Long term

Since I have went a bit long already I will just limit this to one major goal I have. I want to have a PE program where students where heart rate monitors for the duration of my class and at the conclusion I just scan and upload their data into my computer. Grades will then mostly be based on their ability to stay in their target heart rate zones.

Obviously, a lofty goal, which will require a lot of money. To raise that money, I have recently joined the Health Promotion Schools of Excellence program sponsored by a local university, the University of Louisville.  So this year I will be doing 3 days of professional development over the summer to be involved in this program. To be involved I have to collect data of all my students, pre and post testing physical fitness tests. I think this was obviously a positive decision for the future of my program. I would love to get feedback from any program that might be using a similar method of assessing students.

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Below, I have included the wording of the Jefferson County Teachers Association Bargaining Contract from 2005-2010.
Section B Pupil class size after the 20th pupil day from the beginning of the school year will not exceed the standards set forth by the state in laws and regulations with maximum limits established as follows unless the teacher agrees:
For Middle School
Grade 6 – 29 (150-daily load)
Grade 7/8 – 31 (150 daily load)
Physical Education – 50
Of course if you are a PE teacher you are well aware of the class size limit. In fact, you have likely been told by an administrator at some point, “You know you can have 50 kids, right?” I have. Trust me, when you are told that, you know were you stand with your administration.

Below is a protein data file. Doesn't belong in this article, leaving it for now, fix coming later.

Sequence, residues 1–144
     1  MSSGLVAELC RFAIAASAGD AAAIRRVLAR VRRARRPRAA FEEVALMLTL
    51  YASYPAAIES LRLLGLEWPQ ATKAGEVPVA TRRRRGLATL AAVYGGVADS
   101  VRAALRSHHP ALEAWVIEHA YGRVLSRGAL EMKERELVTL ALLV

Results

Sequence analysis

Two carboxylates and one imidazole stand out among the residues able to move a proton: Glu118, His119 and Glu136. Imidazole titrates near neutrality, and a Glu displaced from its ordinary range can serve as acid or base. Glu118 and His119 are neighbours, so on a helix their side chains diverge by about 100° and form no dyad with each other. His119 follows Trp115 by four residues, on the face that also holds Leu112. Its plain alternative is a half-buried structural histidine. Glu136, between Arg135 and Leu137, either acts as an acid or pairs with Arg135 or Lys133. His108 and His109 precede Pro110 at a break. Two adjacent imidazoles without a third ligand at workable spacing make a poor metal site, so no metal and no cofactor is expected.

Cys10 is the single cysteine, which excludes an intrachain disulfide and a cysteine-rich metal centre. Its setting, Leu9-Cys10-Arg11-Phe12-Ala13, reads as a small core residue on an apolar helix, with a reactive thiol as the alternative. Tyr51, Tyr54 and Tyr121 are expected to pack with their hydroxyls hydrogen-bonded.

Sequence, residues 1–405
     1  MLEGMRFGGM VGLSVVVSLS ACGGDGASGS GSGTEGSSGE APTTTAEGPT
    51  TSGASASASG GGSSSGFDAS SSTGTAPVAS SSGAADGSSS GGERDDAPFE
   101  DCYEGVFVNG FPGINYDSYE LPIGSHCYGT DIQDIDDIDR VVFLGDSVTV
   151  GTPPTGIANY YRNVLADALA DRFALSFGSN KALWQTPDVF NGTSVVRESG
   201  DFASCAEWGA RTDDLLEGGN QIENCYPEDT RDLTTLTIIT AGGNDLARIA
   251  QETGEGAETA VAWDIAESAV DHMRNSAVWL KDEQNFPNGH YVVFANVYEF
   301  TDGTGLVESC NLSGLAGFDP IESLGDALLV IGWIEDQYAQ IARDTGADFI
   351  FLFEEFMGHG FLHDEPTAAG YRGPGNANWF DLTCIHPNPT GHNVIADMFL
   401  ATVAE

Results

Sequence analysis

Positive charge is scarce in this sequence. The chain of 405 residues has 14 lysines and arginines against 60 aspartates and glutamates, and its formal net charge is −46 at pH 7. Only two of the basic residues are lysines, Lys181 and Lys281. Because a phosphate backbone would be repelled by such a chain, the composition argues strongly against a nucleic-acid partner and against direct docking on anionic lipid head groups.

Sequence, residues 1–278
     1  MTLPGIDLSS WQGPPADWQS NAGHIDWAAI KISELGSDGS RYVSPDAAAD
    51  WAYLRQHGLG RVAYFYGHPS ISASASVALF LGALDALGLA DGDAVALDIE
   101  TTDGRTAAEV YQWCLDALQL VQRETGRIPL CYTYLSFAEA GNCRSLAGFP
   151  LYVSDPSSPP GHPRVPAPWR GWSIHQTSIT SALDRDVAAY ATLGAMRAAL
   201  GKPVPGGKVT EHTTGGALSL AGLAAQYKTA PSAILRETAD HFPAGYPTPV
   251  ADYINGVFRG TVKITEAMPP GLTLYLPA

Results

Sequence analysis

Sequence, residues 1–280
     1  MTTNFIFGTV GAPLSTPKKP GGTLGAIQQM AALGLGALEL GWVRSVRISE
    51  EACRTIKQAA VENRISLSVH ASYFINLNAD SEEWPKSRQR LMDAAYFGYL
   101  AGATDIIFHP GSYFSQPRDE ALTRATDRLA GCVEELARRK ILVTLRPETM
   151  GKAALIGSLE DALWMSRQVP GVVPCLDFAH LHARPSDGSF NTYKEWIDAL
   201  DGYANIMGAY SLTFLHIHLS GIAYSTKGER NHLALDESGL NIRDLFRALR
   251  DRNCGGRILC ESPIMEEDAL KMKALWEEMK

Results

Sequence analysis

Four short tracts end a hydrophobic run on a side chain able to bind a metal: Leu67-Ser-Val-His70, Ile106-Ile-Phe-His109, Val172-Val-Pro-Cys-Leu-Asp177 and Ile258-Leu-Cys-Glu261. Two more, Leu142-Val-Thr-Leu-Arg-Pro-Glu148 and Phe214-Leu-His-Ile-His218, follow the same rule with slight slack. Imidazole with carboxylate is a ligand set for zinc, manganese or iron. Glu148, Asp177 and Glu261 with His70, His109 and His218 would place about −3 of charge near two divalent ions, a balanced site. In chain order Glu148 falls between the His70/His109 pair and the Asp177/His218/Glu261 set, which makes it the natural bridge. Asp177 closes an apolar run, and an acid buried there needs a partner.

Until we receive equal treatment as our peers in the classroom, you cannot expect equal results. Quality Physical Education is dependent on reduced class size. A simple Google Search of the benefits of reduced class search will yield endless data to support this. The problem is not the data but what the school systems find more important to spend resources on, overwhelmingly they have historically chosen that it is not Physical Education.
My claim is that large Physical Education organizations, such as http://www.aahperd.org/ and NASPE need to push the unions to modify the outdated contracts. Physical Education teachers are paying union dues as well and they should be represented equally. At the state level, state organizations need to do their part. At the local level, I was advised to speak at the SBDM meeting. SBDM is the Site Based Decision Making council that is responsible for making decisions at the school. It is composed of a couple teachers, parents, and administrators. My problem is that, if I were to do this, it would create a tension between the administration and myself because it would reduce the control that they have. At my school, I would not say they are pro physical education, but they are not anti physical education. I am given some respect because I run a program that very seldom requires an administration involvement. I do not write referrals and at students are always on task. I do get a high percentage of ECE students and students who “just cannot handle the rigors of the other classes.” My classes are usually large than any other classes in the building though (maybe average of 32-37). Ideally, a class size would be 28.
Certainly, their are PE programs where students are not learning anything and teachers are simply rolling out the balls. Their are PE programs where coaches are put in that position and do more coaching during class time than teaching. In fact, the motivation for many in our field to become a teacher, was because they wanted to coach, and they saw PE as an opportunity to do so. For full disclosure, it is important for me to share that I am a coach. However, I recognize myself as a teacher first and a coach second.